Published on : Friday, June 5, 2015
Delta Air Lines, American Airlines, United Airlines – have secured antitrust immunity for their global alliances and joint ventures, and have engineered domestic consolidation, they have been aggressively attacking consumer protections, price transparency and domestic and foreign carrier new entrant competition .
With respect to competition, the first battle in a take-no-prisoners war was to block Norwegian Air International’s (NAI) application to serve the U.S. through relentless political pressure. The propaganda in support of that conflict was/is the big lie that the US-EU Open Skies agreement would be violated were NAI allowed to begin services. In truth, under that agreement, NAI’s application to serve the U.S. should have been a 5-week pro forma review and approval. Sadly, instead, airlines’ political pressure has held up approval for 16 months.
The second and ongoing battle was entered into against three Gulf Carriers – Etihad Airways, Emirates and Qatar Airways – with the supporting charges that alleged government subsidies violate U.S. Open Skies agreements with Qatar and the United Arab Emirates (UAE), and that those countries’ labor practices were not up to U.S. standards, among other claims. As sure as the sun rises in the east, if the Gulf airlines are restricted by the Administration, there will be additional Big Three-led battles, with conjured up violations of Open Skies agreements the call to arms, and reneging on the agreements or altering them to the Big Three’s advantage, the sought after settlement.
Soon, if it has not done so already, the Obama Administration will hopefully see the protestations for what they are: A strategy to restrict domestic and international marketplace competition through government-imposed commercial protectionism. The Administration expectantly will not take direction from one small and self-serving subset of stakeholders among the dozen or more interested parties who have spoken out about the Big Three’s self-interested strategy to block competition.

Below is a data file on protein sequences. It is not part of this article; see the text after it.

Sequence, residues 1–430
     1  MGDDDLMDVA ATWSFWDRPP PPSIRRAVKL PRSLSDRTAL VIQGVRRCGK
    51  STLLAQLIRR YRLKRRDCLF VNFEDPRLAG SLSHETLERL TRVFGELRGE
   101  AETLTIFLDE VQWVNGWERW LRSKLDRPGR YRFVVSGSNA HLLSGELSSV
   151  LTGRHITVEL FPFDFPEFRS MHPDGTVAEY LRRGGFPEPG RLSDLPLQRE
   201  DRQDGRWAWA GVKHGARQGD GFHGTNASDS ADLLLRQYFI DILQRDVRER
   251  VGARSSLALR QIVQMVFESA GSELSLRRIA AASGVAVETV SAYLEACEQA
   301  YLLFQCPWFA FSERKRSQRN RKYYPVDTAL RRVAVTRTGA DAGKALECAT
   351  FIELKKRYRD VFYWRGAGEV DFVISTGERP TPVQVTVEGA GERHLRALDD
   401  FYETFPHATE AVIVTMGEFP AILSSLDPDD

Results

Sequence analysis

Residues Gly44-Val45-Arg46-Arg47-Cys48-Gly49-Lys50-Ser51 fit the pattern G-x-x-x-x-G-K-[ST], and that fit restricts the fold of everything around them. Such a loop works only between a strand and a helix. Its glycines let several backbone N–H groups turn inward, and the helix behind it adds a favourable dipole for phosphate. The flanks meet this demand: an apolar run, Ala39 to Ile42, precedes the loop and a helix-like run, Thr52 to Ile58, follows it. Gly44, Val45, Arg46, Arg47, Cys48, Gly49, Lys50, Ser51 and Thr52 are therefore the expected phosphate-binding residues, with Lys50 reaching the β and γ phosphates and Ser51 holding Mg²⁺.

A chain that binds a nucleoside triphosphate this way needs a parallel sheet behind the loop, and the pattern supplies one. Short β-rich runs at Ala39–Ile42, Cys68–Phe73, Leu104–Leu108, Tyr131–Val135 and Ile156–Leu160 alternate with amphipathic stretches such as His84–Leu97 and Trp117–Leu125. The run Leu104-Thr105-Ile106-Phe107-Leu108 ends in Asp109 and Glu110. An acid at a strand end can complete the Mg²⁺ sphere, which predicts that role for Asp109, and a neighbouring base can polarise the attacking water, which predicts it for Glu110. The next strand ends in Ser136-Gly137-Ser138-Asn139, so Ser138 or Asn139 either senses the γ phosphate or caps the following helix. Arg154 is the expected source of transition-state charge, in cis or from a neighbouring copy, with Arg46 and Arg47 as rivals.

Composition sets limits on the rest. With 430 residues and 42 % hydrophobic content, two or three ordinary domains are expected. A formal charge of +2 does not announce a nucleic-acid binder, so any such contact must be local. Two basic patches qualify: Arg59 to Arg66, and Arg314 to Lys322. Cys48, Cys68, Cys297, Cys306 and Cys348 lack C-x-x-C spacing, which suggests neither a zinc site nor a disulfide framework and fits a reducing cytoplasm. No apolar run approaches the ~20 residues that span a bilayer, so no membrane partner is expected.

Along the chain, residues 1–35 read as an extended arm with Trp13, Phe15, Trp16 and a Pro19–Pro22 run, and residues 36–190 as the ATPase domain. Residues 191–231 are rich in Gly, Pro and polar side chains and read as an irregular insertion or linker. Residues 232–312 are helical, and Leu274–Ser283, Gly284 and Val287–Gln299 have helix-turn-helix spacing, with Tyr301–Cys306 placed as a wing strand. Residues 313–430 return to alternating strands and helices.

The most important stakeholder in this debate is the consumer who is benefiting greatly from Gulf Carrier entry and who is simultaneously being financially harmed by denied access to NAI’s low-cost transatlantic service offerings that would offer sorely needed competition. However, that harm can begin to be repaired once the NAI application is approved. What soon may be irreparable, however, is damage to our country’s reputation as an unfailing partner as well as our image, crafted over 50 years, as a bastion of free-market enterprise and as advocates for global economic liberalization.
II. STRATEGIC RISK
One strategic risk to Open Skies policy associated with the war on competition is that airlines and aviation authorities worldwide are paying close attention to what the Administration does. If the Administration were to cave to the Big Three’s demands, then foreign airlines and their governments would observe this protectionism, and abdication of American leadership, and seek their own advantages in renegotiated Open Skies agreements with the U.S. and other countries. The danger is that the painstakingly created international system for aviation liberalization would be infected with the cancer of uncertainty, which would metastasize and place the system at risk. What’s more, because aviation is so highly visible to world governments and leaders in other industries, such uncertainty would also spark concerns over U.S. trade direction in other economic sectors.